SCOTUS Says Net Neutrality Won’t Get Its Day in Court

Supreme Court SCOTUS

The Supreme Court (SCOTUS) has declined to hear a case regarding the legality of Obama-era Net Neutrality rules–putting an end to a lengthy legal battle by declining to hear USTelecom’s appeal. The telecommunication industry group originally sued the Federal Communications Committee (FCC) under the belief that the FCC lacked the authority to impose public-utility, common-carrier obligations on broadband internet access service. Under the Obama-era rules, Internet Service Providers (ISPs) were barred from blocking or throttling web content or creating the so-called internet “fast lanes.”

Though SCOTUS’ decision is a win for net neutrality proponents, the Obama-era rules were gutted by FCC Commissioner Ajit Pai in Dec. 2017. Regardless, net neutrality supporters were encouraged by the Court’s decision.

“We’re grateful that a majority of the justices saw through the flimsy arguments made by AT&T and Comcast lobbyists,” Matt Wood, the policy director at Free Press, said in a statement. “The ISPs went all out to push FCC Chairman Ajit Pai to repeal the agency’s Net Neutrality rules–and then ran to the Supreme Court looking for a do-over on earlier cases that rightly upheld those rules.”

USTelecom downplayed the importance of the court ruling in a statement.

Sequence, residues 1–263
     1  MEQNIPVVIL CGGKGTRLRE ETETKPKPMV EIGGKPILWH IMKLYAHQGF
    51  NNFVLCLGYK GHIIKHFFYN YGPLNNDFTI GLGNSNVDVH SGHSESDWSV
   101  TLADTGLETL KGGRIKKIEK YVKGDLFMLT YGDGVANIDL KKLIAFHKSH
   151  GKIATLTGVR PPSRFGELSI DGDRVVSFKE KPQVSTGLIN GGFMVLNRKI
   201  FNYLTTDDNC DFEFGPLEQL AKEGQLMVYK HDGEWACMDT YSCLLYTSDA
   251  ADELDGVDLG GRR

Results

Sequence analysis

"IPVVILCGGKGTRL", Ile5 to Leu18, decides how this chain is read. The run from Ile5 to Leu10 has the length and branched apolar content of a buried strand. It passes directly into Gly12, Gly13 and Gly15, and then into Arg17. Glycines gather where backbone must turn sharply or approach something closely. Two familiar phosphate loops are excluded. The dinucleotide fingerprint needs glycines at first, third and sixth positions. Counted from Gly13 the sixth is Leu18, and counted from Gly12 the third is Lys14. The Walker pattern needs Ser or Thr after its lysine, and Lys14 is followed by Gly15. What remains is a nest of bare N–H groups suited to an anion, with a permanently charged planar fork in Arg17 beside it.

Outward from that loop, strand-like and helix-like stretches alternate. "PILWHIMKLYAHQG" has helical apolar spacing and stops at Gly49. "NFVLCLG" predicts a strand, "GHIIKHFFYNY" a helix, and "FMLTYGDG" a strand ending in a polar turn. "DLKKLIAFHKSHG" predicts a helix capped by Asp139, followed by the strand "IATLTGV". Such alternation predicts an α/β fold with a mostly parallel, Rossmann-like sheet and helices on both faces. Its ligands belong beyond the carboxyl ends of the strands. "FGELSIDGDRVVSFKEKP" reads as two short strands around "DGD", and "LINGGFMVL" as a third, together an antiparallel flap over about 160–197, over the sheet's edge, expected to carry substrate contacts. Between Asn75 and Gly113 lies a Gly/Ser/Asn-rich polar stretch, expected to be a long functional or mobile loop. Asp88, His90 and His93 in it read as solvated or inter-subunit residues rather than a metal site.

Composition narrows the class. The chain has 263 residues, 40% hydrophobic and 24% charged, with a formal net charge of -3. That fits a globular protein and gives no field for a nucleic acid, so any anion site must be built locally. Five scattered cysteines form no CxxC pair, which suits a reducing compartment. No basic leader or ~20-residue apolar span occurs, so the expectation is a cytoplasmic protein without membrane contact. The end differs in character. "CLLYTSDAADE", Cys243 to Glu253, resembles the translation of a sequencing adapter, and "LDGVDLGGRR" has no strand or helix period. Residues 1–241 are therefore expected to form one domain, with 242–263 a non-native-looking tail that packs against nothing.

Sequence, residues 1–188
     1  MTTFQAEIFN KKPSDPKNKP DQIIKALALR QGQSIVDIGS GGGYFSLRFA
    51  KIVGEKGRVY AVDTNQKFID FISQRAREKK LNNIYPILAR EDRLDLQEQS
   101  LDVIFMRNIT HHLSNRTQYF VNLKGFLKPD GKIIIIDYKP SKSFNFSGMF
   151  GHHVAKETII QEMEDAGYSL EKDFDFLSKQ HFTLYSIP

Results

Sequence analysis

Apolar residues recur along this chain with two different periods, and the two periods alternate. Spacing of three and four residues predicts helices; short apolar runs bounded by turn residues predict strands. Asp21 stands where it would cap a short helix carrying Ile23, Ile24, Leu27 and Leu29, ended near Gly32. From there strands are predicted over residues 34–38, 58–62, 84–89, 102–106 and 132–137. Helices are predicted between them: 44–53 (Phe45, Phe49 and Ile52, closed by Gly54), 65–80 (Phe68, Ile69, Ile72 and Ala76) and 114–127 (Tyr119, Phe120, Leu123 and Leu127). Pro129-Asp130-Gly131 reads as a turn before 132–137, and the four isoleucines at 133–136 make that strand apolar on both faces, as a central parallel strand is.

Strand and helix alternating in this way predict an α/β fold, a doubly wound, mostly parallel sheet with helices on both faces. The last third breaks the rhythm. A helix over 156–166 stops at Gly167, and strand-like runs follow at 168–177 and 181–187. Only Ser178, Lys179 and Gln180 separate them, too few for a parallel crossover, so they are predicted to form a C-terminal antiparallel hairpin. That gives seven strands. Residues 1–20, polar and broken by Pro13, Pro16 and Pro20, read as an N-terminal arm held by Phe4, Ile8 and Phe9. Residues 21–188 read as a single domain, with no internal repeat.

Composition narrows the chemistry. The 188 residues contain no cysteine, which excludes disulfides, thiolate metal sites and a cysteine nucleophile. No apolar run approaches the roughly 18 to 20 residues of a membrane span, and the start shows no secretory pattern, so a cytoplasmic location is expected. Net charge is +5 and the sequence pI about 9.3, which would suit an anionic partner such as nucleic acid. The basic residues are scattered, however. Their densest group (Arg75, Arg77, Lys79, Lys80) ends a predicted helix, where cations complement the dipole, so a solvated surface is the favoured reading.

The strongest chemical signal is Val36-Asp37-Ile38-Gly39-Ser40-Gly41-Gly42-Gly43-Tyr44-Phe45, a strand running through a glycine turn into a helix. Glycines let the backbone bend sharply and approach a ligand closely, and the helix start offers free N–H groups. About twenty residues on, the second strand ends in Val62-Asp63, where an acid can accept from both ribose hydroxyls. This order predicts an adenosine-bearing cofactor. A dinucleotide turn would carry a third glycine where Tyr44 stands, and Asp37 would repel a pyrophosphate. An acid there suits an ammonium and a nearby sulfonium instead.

“This decision is not surprising because the D.C. Circuit’s original decision was superseded by the FCC’s Restoring Internet Freedom Order that correctly restored broadband as an information service,” Jonathan Spalter, the CEO of USTelecom, said in a statement.

However, the issue of net neutrality is far from settled. Both California and Vermont have passed more stringent net neutrality rules–much to the chagrin of industry groups, the Department of Justice (DoJ), and the FCC. Both states are now embroiled in various lawsuits challenging the legality of their new laws.

California recently agreed to delay enforcing its new net neutrality law. The law will reinstate Obama-era net neutrality rules and was scheduled to go into effect on Jan. 1, 2019. The delay in enforcement of the law is due to an agreement between California and the DoJ, which filed a lawsuit against California shortly after California Gov. Jerry Brown signed the bill into law. As part of the deal, the DoJ will postpone its lawsuit against California until a separate lawsuit against the FCC for gutting the Obama-era net neutrality rules is resolved. The appeals court for that lawsuit will hear oral arguments in February–though the case may end up in the lap of the Supreme Court.

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